John Carey is responsible for the always exciting Irish dance numbers, while choreographer David Bolger created the attractive contemporary-ballet-jazz sections, and the musical staging. Many of the accomplished dancers step out of their specialities from time to time to show their versatility. The second act, in particular, is impressive as most of the eye-catching numbers are fusion. Bolger and Carey have been immensely clever in merging the dance forms into an extravaganza of styles all happening at the same time. For example, Irish dancers actually do partnering.

Heartbeat_of_Home__(7)In fact, the level of dance overall is very high. Lead Irish dancers Ciara Sexton and Ryan McCaffrey are charismatic, as are Afro-Cuban dancer Teneisha Bonner and Latin dancer Curtis Angus. Flamenco dancers Rocio Montoya and Stefan Domit do rivet the eye. Vocalist Lucia Evans can fit herself into ethereal Celtic or driving urban sound, and everything in between.

As for composer Brian Byrne, his music is gorgeous, both instrumental and songs (with O’Connor’s lyrics). Of great fascination is the combination of traditional Irish instruments with Latin brass. This show gives the musicians a chance to shine and the band absolutely steals the curtain call.

There are some weaknesses. I wanted more innovative projections on the wrap-around screen. At the moment, they are very routine like sunsets and flying birds and landscapes. This show also needs a real Broadway or West End costume designer because Monica Ennis and Niamh O’Connor just don’t cut it. In a word, the costumes are cheesy, even amateurish at times – like the dream sequence where the two women sport flowy, jagged-edge, balloon outfits. Only the short dresses for the Irish dance sequences are okay, but surely something more original could have been devised. In other words, the on-the-cheap look of the show does not match the level of the dance or music.

Heartbeat_of_Home__(6)None of that really matters, however, because the dance and the music rock, and they are at the heart of Heartbeat of Home. Kudos to producer Moya Doherty and director John McColgan for advancing their craft. Just think how great the new grandchild of Riverdance will be when it gets launched in another 20 years.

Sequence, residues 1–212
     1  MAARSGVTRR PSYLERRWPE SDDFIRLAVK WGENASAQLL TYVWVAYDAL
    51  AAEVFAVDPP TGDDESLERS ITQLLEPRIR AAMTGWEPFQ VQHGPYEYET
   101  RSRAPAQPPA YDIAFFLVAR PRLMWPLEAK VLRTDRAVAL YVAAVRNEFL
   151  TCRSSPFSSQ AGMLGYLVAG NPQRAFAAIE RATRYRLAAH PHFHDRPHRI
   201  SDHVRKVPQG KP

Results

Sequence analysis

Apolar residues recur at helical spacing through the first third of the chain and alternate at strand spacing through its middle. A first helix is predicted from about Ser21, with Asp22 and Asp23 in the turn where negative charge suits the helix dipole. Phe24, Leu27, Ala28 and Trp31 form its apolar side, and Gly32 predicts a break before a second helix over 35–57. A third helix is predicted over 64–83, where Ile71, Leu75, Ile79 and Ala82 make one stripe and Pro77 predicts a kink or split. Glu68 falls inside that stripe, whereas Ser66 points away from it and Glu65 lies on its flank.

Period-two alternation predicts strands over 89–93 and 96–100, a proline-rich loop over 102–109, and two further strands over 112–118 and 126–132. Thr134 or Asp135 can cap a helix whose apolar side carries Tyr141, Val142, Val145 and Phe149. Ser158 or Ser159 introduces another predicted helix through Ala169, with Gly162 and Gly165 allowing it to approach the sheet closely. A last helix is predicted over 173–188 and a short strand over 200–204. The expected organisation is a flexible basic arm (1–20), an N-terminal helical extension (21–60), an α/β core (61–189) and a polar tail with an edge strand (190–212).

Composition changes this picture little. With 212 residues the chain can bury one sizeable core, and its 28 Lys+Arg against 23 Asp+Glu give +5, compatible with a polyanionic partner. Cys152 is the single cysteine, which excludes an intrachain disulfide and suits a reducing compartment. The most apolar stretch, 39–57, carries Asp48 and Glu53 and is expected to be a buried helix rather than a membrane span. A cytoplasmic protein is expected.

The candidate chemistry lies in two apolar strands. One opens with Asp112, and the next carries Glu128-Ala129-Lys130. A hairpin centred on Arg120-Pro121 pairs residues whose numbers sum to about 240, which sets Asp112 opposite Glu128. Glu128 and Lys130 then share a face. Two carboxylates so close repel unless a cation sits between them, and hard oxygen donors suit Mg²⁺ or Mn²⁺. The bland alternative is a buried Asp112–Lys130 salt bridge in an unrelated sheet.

Heartbeat of Home, (choreography by David Bolger and John Carey), Mirvish Productions, Ed Mirvish Theatre, Jan. 21 to Mar. 2, 2014,



Theatre Review – The Wizard of Oz (Mirvish)

The new Andrew Lloyd Webber production of the much beloved film The Wizard of Oz is, in a word, pleasant.

The staging and décor stay pretty much to the original movie, and maybe that’s the problem. I remember a Wizard production of many years ago that played at the Elgin, which was really imaginative. For example, in the poppy field scene, luscious, seductive chorines were the poppies. This production is very routine by comparison.

The show does have several things going for it. The Canadian cast is strong. It’s nice to see Cedric Smith back on stage as the Professor/Wizard. Lisa Horner does a great job as the Wicked Witch. The three farm hands/Tin Man, Lion and Scarecrow, Mike Jackson, Lee MacDougall and Jamie McKnight respectively, are all talented guys. Charlotte Moore as Auntie Em and Larry Mannell as Uncle Henry are always good, no matter what. Robin Evan Willis is a gorgeous Glinda, and Toto is adorable. Danielle Wade as Dorothy (who was chosen by a television audience is not charismatic as she could be, but does, in a word, give a pleasant performance.

The best thing about the show is the additional songs by Webber and Tim Rice, which fall mainly in the Kansas scenes. Rice is clever, and is still the best lyricist that Webber ever worked with. They have also written an anthem that is destined to become a classic. “Already Home” boasts a beautiful melody and stirring words. Any chanteuse/chanteur is going to want to latch on to that one. It’s also nice that Herbert Stothart’s original background score has been incorporated into the show to go with the Arlen/Harburg original songs.